Third Point Is Public

Dec. 22, 2012 2:52 PM ET
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Contributor Since 2010

Billyjoerob likes shrimp.

Third Point Public trades on the London Stock Exchange and can also be bought and sold on the pink sheets as TPNTF. It is the public security of the hedge fund Third Point, managed by Daniel Loeb. The fund came public in July of 2007, in the quiet months before the financial markets combusted. Unfortunately for Third Point investors, Loeb did not avoid the worst of the crisis, and the fund plunged from the offering price of $10 to below $4, a horrendous performance for an absolute value fund. By now all of that is ancient history, and the fund has recovered nicely in the years since, currently trading at $11.35, a more than $2 discount to the $13.68 NAV (after the recent $.60 dividend).

The good and the bad news for investors is that the discount shows no sign of narrowing in the near future. Despite recently returning cash to shareholders, buying back shares and promising to institute a 3-4% dividend in 2013, the fund remains stuck at what appears to be a permanent discount to NAV. There may be many reasons for this - the listing in London, the poor initial performance, incumbent sellers - but a discount is a discount, and an opportunity for patient holders.

For those not familiar with Loeb, Third Point invests in a typical long-short structure, buying for value and hedging with overpriced securities. The fund is generally invested 80%-150% long and 30%-50% short, in both the debt and equity markets, for a gross exposure of up to 200%. That leverage covers some of the high fees the manager pays itself, the typical 2% and 20% hedge fund structure. To his credit, Loeb has shown commitment to his public fund holders, as demonstrated by the recent dividend and share purchases. More important than anything else, of course, is fund performance, and Loeb has nicely outperformed the market recently and over his nearly 20-year career.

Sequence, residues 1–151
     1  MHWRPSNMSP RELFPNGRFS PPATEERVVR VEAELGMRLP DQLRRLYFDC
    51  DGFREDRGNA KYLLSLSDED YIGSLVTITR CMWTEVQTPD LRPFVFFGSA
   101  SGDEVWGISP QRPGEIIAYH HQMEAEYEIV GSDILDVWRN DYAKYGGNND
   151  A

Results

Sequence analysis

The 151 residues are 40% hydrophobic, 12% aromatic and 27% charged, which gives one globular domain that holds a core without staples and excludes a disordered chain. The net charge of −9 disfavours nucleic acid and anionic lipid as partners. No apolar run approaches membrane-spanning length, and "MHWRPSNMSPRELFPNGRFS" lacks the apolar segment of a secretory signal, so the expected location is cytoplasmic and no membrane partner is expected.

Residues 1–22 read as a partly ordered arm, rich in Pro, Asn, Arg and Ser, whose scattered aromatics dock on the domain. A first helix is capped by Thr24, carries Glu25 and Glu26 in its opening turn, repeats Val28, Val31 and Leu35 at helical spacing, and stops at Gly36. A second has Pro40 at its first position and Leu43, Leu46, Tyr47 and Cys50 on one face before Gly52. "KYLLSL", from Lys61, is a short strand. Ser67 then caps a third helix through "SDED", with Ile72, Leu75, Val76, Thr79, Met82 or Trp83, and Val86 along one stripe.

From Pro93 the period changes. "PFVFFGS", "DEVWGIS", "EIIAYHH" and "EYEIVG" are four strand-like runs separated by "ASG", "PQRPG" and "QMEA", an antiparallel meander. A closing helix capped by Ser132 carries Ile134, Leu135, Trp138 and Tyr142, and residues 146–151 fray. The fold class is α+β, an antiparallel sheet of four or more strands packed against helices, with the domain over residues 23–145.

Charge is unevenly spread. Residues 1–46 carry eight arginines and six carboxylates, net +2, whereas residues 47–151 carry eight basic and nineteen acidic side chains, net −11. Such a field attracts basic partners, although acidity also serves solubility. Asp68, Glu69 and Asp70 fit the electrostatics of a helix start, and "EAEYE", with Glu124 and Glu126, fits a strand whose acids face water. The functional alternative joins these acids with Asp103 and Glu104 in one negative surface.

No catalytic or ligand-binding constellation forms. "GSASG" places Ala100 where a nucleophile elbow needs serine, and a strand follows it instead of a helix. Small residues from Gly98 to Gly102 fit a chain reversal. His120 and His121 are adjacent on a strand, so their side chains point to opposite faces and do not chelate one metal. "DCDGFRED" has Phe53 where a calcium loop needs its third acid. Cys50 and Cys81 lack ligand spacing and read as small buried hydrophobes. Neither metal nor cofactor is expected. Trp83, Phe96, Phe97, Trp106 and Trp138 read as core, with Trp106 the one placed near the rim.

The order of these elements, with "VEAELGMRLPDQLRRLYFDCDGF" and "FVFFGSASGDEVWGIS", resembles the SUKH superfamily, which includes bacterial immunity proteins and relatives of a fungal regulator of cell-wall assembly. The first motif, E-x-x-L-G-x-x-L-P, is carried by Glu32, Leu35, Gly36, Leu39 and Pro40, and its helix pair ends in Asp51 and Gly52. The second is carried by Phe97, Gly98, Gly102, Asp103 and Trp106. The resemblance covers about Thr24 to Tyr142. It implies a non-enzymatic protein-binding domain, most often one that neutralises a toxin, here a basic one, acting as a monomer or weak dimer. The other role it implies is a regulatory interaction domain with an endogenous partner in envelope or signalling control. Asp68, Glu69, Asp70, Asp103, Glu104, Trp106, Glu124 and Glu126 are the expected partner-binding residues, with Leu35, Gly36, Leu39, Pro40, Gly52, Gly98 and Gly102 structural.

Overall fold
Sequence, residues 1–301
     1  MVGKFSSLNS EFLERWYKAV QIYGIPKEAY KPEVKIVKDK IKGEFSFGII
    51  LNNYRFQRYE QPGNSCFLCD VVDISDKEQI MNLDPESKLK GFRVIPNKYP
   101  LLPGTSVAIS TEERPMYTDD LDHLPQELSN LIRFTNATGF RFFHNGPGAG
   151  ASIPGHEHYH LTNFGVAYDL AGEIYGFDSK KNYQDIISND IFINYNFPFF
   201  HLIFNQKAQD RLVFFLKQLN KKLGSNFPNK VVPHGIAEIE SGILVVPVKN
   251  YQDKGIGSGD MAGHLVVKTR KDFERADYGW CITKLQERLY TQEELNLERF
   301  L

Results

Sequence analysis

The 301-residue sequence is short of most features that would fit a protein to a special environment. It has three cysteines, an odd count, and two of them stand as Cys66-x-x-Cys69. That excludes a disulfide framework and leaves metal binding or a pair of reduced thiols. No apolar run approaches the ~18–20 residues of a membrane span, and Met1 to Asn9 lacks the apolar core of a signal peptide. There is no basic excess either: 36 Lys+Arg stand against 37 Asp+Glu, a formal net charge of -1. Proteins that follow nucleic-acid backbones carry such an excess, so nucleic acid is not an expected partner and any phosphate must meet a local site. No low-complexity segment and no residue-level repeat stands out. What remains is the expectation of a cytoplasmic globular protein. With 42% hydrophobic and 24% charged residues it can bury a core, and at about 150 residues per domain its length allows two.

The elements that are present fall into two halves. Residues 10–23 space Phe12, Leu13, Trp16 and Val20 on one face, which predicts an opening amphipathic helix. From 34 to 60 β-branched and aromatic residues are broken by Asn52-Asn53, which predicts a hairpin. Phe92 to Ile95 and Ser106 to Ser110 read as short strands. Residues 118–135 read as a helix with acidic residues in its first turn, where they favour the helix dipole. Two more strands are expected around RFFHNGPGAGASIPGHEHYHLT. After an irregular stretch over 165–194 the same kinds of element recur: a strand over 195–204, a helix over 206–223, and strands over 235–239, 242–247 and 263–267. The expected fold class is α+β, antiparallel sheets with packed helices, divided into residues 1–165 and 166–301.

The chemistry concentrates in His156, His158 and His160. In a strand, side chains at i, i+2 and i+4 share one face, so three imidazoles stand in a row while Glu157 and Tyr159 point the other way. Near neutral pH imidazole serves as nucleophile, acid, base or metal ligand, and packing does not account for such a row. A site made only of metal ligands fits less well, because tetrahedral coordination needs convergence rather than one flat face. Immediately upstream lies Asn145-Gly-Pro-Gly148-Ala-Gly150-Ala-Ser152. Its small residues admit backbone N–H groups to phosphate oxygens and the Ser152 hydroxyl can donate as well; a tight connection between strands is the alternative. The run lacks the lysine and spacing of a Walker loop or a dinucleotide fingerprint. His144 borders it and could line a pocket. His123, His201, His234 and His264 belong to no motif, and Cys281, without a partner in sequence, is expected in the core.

For some investors, finding or trading Third Point Public may not be as easy as hitting up WMT in the etrade account. The stock trades in three currencies on the London Exchange (TPOG (British Pound), TPOE (Euro), and TPOU (US dollar)), and unless your broker offers access to the London exchange, you may have no option but the pink sheets. In addition, the fund is headquartered in Guernsey, a small island somewhere in the English Channel, and is not regulated by the SEC. Caveat investor. Due to tax rules concerning foreign funds, your best option is owning Third Point in a Roth IRA or similar account.

Disclosure: I have no positions in any stocks mentioned, and no plans to initiate any positions within the next 72 hours.

Additional disclosure: I am long TPOU (TPOU.L on Yahoo! Finance).

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